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Iron Deficiency Increases Fatigue Risk and Poor Functional Recovery in Elderly Hospitalized Patients, Study Finds

A recent study has reported that iron deficiency increases risk of fatigue and poor functional recovery among the elderly hospitalized patients.

Photo: Elderly Hospitalized Patient | InStyleHealth

The study included 224 eligible patients with ages 65 – 95 years old; of which 67% were women, who were admitted into a geriatric acute care ward.

The serum ferritin, iron, and transferrin, along with blood hemoglobin, were measured, and current use of iron supplements was also taken into account. All subjects have undergone geriatric assessment during hospital admission.

There were 91 participants or 41% had iron deficiency, which is defined in this study as serum ferritin <30 ng/L and transferrin saturation (TSAT) <16%. The baseline median scores in the fatigue severity scale were significantly higher among those with reported iron deficiency; the same was true for the frail simple scale.

Both subgroups of patients with and without iron deficiency saw significant improvements in measures of functional status, including handgrip strength, isometric knee extension strength, and Barthel Index scores during their hospital stay. Whereas within-group changes were significant, between-group comparison came out as not significant.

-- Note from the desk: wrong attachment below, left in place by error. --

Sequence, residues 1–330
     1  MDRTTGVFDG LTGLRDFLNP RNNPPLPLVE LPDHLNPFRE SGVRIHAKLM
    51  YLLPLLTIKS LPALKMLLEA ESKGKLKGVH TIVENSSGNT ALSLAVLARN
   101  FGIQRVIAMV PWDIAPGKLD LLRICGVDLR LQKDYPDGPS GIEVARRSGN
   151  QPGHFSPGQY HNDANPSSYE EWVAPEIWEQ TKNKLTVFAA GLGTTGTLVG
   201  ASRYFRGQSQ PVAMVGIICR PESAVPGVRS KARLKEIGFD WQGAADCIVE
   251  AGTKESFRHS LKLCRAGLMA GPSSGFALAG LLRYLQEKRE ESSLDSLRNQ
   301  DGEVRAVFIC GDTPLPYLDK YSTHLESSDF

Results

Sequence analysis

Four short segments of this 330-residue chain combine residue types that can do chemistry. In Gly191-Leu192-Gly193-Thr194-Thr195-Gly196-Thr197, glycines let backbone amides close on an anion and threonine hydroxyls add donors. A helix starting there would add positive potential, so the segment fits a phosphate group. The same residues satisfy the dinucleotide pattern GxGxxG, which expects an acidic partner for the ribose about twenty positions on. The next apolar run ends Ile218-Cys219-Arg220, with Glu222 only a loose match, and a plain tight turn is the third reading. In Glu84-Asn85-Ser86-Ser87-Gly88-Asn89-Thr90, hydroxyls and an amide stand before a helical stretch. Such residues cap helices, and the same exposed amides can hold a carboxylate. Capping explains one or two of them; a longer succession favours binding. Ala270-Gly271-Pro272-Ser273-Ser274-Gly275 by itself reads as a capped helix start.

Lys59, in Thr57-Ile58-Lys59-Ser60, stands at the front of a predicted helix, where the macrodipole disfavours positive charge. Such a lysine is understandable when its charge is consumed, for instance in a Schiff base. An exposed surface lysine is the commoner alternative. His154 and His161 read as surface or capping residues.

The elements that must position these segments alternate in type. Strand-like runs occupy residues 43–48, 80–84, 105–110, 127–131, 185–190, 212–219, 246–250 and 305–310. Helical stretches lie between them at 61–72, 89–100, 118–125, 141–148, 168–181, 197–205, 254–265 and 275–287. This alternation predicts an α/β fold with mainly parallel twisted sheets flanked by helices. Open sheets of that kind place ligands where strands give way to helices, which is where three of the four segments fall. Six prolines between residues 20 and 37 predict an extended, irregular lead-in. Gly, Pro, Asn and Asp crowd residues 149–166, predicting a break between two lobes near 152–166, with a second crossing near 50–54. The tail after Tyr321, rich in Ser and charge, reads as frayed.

There were 51 iron-deficient subjects who received iron supplementation during their hospital stay, majority of whom (96%) were given oral supplements; while two needed intravenous iron. 

For those who had taken supplements appeared to have significantly better isometric knee extension strength at discharge than comparators without supplementation. Although there was no other parameter was affected.

Utilizing the multiple regression analysis, it confirmed that the iron deficiency was a significant and independent correlated of fatigue during hospital admission and of changes in Barthel Index scores over the duration of hospitalization of the patients. For further details of this study, click here.


Source: Eur J Clin Nutr 2021;75:456-463

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